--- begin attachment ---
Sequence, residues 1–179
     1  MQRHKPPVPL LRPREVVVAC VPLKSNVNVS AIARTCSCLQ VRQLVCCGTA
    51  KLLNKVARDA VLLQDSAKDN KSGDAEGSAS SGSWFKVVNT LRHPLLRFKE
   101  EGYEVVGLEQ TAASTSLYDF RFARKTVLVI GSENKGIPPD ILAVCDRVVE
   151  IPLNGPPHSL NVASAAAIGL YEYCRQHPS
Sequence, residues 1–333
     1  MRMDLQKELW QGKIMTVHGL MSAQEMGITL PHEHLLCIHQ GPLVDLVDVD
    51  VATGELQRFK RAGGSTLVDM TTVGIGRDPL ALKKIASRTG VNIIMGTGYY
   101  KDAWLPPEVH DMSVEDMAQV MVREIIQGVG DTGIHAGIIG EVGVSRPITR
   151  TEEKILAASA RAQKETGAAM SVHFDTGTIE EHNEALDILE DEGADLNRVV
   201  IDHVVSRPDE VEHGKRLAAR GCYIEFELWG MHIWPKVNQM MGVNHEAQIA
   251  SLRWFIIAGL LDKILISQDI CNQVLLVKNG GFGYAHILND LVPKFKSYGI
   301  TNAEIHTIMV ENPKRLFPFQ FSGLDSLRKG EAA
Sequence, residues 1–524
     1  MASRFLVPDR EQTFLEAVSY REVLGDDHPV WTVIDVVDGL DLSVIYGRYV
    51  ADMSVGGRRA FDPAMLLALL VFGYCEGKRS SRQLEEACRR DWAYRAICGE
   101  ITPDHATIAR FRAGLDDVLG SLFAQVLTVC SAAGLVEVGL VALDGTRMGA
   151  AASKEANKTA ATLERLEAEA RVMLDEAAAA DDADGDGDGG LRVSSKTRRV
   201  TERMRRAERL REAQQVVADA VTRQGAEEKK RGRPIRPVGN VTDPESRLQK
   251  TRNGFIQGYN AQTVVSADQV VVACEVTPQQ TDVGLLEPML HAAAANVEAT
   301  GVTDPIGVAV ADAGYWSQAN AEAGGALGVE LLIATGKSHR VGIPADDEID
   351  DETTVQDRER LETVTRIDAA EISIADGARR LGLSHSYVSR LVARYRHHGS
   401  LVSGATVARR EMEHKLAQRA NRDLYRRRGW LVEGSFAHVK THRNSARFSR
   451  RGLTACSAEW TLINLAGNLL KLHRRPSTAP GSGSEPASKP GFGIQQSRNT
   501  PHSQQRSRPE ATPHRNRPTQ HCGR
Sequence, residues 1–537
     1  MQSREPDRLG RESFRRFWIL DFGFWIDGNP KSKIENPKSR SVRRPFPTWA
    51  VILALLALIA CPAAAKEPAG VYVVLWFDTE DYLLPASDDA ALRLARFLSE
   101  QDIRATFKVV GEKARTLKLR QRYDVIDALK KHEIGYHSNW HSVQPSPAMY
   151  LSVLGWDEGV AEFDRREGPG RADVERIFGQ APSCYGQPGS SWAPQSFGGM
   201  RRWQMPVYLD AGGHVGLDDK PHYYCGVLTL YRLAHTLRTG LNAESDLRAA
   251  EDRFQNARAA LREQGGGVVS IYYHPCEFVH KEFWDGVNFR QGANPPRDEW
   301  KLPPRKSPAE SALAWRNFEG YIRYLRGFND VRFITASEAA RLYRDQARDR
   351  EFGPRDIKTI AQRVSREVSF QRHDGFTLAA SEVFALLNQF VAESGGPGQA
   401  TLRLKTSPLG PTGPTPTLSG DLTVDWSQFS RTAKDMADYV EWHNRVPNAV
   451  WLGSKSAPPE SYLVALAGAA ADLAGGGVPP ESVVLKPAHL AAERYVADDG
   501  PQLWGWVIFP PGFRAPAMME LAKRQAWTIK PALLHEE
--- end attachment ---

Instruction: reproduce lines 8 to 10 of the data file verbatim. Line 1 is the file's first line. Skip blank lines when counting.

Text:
    51  VATGELQRFK RAGGSTLVDM TTVGIGRDPL ALKKIASRTG VNIIMGTGYY
   101  KDAWLPPEVH DMSVEDMAQV MVREIIQGVG DTGIHAGIIG EVGVSRPITR
   151  TEEKILAASA RAQKETGAAM SVHFDTGTIE EHNEALDILE DEGADLNRVV